Getting started with the sampled stream endpoint

This quick start guide will help you make your first request to the sampled stream endpoint using a cURL request. cURL is a command line tool which allows you to make requests with minimal configuration.

If you would like to see sample code in different languages, please visit our Twitter API v2 sample code GitHub repository. 



For you to be able to complete this guide, you will have need to have a set of keys and tokens, which you can generate by following these steps:

  1. Sign up for a developer account.
  2. Create a Project and an associated developer App in the developer portal.
  3. Navigate to your app's “Keys and tokens” page, and save your credentials in a secure location.


Steps to build a sampled stream request

Step one: Start with a cURL command

In this quick start, we are going to use a simple cURL request to connect a real-time stream to Twitter that will deliver 1% of all publicly available Tweets. The sampled stream endpoint is a very simple one, so we will just provide you with a request that you can copy and paste into your preferred text editor to make a slight adjustment before submitting it to a command line tool. 

      curl -X GET -H "Authorization: Bearer $BEARER_TOKEN" ""


Step two: Authenticate your request

Since sampled stream requires OAuth 2.0 Bearer Token authentication, you will need to replace $BEARER_TOKEN with the token that you generated and added to your password manager in the prerequisites. 

Step three: Identify and specify which fields you would like to retrieve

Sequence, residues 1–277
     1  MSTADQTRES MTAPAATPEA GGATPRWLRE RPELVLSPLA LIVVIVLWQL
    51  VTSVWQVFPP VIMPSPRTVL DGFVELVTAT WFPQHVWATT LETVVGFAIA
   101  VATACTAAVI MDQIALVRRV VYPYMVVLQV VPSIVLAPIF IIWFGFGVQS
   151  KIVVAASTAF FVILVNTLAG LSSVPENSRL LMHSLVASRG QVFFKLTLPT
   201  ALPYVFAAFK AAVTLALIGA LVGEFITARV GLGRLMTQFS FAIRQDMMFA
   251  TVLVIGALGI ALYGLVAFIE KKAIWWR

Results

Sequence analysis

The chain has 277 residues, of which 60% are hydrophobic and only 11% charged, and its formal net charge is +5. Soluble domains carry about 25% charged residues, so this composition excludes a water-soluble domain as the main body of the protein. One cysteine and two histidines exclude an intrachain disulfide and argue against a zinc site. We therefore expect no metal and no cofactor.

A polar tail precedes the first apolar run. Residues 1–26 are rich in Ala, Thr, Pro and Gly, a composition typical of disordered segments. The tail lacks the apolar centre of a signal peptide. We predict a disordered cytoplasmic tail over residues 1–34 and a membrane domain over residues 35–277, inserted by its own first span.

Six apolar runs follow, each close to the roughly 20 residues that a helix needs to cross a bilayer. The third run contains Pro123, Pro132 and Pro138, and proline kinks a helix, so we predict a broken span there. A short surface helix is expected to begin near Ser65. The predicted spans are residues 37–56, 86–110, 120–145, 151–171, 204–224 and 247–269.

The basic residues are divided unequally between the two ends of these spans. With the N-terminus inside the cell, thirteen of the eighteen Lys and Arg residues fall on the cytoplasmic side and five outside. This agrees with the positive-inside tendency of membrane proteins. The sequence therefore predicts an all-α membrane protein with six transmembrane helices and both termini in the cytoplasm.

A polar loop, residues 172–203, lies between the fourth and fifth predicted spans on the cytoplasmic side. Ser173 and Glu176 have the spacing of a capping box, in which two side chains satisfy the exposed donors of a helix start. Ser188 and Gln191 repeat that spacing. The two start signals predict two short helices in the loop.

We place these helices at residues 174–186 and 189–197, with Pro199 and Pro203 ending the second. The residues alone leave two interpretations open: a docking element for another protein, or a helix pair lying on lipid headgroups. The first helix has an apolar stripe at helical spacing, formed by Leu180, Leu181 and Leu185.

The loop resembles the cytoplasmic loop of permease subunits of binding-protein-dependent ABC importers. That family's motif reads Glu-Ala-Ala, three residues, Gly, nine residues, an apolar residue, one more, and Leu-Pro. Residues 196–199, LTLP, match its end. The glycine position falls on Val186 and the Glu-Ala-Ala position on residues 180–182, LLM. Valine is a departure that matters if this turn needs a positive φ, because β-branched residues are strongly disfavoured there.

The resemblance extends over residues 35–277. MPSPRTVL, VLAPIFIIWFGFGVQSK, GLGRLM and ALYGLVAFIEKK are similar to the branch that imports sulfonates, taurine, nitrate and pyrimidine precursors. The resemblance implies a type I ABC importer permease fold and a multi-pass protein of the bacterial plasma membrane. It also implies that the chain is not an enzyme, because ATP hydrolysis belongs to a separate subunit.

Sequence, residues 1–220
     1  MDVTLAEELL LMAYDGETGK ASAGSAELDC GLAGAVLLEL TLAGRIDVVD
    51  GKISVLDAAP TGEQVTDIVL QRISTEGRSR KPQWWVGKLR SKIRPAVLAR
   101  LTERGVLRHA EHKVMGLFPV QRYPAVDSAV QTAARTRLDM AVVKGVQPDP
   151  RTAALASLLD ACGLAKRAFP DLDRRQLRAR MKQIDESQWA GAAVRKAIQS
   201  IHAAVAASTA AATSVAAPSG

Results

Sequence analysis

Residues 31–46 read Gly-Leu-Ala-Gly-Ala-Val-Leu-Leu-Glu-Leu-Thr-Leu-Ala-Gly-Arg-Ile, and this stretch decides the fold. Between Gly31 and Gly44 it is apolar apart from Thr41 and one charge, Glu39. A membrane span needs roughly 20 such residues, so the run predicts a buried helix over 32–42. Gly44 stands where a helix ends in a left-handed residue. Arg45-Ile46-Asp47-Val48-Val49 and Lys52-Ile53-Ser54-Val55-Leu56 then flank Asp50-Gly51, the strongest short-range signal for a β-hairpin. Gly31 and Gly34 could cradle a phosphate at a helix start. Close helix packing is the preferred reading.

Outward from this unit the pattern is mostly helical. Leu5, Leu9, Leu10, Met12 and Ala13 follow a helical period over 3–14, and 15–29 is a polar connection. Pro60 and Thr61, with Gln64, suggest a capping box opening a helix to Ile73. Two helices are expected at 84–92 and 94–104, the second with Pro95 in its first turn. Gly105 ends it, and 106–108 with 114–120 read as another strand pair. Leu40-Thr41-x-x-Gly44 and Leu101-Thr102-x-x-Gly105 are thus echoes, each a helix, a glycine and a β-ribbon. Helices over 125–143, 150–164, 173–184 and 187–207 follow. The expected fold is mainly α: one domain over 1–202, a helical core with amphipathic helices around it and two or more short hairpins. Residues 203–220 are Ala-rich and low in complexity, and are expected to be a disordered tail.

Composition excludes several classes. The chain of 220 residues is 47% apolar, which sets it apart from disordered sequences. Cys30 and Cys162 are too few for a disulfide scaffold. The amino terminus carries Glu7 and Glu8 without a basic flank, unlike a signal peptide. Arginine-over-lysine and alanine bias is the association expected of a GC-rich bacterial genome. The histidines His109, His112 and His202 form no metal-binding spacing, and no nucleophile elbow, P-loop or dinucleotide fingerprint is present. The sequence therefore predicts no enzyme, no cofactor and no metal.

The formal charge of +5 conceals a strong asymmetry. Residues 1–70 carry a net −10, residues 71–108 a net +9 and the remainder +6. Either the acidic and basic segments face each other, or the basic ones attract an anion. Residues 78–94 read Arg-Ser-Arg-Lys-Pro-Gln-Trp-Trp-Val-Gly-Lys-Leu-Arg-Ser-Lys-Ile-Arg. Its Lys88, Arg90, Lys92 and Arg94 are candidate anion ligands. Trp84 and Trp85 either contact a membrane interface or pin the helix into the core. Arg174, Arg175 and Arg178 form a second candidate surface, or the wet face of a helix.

If you connect to the stream after step two, you will receive the default Tweet object fields in your response: id and text.

If you would like to receive additional fields beyond id and text, you will have to specify those fields in your request with the field and/or expansion parameters.

For this exercise, we will request a three different sets of fields from different objects:

  1. The additional tweet.created_at field in the primary Tweet objects.
  2. The associated authors’ user object’s default fields for the returned Tweets: id, name, username
  3. The additional  user.created_at field in the associated user objects. 

To request these fields, you will need to pass the following in your request:

Key Value Returned fields
tweet.fields created_at tweets.created_at
expansions author_id,, includes.users.username
user.fields created_at includes.users.created_at

You should now see the following URL next to the "Send" button:


Step five: Make your request and review your response

Once you have everything set up, you can submit your request to Twitter using a command line tool. If done successfully, you will receive a live stream of Tweets with payloads similar to the following:

  "data": [
      "author_id": "2244994945",
      "created_at": "2020-02-14T19:00:55.000Z",
      "id": "1228393702244134912",
      "text": "What did the developer write in their Valentine’s card?\n  \nwhile(true) {\n    I = Love(You);  \n}"
      "author_id": "2244994945",
      "created_at": "2020-02-12T17:09:56.000Z",
      "id": "1227640996038684673",
      "text": "Doctors: Googling stuff online does not make you a doctor\n\nDevelopers:"
      "author_id": "2244994945",
      "created_at": "2019-11-27T20:26:41.000Z",
      "id": "1199786642791452673",
      "text": "C#"
  "includes": {
    "users": [
        "created_at": "2013-12-14T04:35:55.000Z",
        "id": "2244994945",
        "name": "Twitter Dev",
        "username": "TwitterDev"


If you would like to close your connection, you can press Control-C in your command line tool on either Mac or Windows systems to break the connection, or you can also close the window.